It’s about millions… Equal-mobile salary increase proposal

In 2021, the consumer price index (CPI) increased by 36.08% per year. The minimum wage has been increased by 40% gross and 50% net. Salaries for civil servants, on the other hand, increased by 30.95% with the difference in inflation in the second half of last year, in addition to the 7.5% increase in the collective agreement. In the first quarter of the year, the increase in the CPI was 22.81%.

Unless there is an intermediate increase, the minimum wage will be applied throughout the year. The salaries of civil servants, on the other hand, will be increased by 7% in the July collective agreement, after having reflected the difference in inflation in the first half of this year.

Whether there will be an interim minimum wage increase in July has been publicly debated for some time. Representing all service branches in collective bargaining with the government, OFFICER – President of the Confederation SEN Ali Yalçın, while answering our questions on the interim stimulus talks, suggested setting up the ladder-sliding system, as in the past, in order to protect employees against high inflation. Stating that inflation was not so high in the past, but now there is high inflation, Yalçın said:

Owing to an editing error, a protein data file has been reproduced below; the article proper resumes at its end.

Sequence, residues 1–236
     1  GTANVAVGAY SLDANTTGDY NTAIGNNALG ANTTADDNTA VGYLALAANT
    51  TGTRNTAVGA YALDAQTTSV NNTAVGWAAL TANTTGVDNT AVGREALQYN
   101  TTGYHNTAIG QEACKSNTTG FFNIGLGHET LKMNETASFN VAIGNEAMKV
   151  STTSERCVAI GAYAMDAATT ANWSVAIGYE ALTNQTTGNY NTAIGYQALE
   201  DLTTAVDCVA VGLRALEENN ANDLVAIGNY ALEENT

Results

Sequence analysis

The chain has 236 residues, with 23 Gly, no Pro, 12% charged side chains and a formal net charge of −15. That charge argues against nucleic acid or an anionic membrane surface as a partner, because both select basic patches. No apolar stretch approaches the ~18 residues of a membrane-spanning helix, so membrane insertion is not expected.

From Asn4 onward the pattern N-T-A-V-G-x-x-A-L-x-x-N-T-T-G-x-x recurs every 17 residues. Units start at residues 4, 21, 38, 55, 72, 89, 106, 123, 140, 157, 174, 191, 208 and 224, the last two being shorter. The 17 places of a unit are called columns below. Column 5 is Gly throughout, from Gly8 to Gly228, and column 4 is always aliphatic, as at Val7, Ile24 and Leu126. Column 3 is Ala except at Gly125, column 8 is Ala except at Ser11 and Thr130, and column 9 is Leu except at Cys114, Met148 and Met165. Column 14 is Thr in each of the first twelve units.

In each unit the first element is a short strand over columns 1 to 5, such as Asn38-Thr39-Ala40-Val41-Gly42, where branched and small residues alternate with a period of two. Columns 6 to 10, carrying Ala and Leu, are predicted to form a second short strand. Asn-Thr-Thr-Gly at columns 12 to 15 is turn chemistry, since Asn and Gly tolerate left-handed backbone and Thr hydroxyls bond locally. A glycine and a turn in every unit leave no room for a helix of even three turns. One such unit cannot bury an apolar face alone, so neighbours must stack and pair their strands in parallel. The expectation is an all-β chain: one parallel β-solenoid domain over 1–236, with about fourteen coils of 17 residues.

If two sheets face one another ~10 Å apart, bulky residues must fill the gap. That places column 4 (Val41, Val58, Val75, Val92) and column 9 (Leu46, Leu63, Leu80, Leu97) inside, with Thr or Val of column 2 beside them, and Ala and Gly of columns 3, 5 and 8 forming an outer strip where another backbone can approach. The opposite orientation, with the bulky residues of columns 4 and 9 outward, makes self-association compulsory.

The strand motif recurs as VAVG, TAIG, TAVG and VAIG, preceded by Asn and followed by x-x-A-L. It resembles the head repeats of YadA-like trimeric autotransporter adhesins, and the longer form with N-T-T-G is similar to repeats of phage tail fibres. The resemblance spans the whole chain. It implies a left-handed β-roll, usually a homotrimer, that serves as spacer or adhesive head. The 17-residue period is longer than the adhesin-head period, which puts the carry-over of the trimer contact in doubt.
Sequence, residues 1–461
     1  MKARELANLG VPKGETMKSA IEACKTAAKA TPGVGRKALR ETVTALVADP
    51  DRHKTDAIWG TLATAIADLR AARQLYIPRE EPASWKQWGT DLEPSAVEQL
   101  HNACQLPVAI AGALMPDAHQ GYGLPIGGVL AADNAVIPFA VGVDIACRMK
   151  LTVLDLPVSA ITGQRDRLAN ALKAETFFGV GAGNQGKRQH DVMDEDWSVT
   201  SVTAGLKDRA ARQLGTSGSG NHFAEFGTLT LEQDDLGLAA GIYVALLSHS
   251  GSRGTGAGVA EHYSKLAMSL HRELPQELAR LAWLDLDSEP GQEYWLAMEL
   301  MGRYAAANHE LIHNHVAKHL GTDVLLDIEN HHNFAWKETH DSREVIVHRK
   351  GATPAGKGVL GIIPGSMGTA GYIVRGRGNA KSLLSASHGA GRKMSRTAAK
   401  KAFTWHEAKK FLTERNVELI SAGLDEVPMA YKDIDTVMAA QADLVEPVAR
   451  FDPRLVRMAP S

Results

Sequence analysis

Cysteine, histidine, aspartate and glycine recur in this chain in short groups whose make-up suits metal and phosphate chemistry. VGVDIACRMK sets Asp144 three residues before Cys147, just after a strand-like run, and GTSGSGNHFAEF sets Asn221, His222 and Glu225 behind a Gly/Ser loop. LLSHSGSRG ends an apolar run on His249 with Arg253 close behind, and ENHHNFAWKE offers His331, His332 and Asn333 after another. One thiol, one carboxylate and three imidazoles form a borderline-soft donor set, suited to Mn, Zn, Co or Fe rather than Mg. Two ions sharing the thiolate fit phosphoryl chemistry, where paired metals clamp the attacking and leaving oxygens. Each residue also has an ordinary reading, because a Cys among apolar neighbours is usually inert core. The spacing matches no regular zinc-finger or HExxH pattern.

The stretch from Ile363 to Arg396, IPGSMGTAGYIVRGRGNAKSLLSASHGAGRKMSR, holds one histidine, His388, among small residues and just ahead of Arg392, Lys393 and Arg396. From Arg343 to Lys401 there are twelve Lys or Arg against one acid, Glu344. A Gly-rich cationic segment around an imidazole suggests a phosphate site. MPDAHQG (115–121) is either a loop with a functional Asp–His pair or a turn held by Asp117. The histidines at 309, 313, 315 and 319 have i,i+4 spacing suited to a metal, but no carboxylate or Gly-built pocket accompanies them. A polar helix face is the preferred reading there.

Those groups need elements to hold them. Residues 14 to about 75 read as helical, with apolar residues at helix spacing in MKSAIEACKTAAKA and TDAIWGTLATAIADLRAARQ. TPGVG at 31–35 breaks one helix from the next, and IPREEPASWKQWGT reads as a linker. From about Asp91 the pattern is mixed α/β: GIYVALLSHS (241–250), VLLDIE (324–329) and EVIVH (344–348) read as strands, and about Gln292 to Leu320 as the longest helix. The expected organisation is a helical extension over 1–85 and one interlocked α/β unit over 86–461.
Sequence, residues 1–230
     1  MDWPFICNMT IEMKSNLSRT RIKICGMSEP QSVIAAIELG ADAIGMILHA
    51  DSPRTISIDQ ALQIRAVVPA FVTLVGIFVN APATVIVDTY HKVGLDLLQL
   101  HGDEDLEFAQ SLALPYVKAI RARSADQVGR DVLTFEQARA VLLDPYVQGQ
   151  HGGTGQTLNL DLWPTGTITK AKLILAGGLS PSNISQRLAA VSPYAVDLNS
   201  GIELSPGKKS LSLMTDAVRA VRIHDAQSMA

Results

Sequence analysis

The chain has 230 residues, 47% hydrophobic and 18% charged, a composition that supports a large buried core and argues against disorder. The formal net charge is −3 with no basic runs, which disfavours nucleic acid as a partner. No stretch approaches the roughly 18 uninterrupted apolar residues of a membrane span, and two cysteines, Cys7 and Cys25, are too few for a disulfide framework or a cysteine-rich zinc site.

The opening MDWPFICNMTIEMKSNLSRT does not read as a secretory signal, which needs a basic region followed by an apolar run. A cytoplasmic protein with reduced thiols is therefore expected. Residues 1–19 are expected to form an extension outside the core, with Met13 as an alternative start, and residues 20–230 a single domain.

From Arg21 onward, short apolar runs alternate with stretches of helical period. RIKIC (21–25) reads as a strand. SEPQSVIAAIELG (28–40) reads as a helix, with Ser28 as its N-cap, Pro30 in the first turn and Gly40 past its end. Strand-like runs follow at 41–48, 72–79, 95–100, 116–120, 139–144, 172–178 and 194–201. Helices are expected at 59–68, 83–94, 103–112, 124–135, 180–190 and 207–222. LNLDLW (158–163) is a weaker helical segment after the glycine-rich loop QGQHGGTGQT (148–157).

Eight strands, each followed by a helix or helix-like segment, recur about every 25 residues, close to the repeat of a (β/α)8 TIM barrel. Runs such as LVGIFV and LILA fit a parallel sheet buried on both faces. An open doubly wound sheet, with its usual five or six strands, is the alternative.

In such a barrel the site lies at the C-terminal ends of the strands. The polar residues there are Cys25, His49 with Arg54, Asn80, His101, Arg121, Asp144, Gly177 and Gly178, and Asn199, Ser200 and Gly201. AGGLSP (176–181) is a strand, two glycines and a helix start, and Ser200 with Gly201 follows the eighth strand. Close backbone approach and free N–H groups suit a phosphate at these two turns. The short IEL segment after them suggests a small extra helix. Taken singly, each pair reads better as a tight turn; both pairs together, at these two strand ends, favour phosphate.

“In such periods of inflation, you don’t have to wait 6 months to receive the increase and the difference in inflation. Inflation differences must be paid monthly or in quarterly installments at the latest. The difference must be paid every 3 months, otherwise once a month. Otherwise, the purchasing power of employees decreases or even disappears. Salaried prisoners and low-income people are crushed by high inflation. Purchasing power decreases. Income distribution is deteriorating.

Ali Yalçın said that the inflation difference appeared in the third, fourth and even sixth months after the salary increase, and now the inflation difference has occurred since the first month.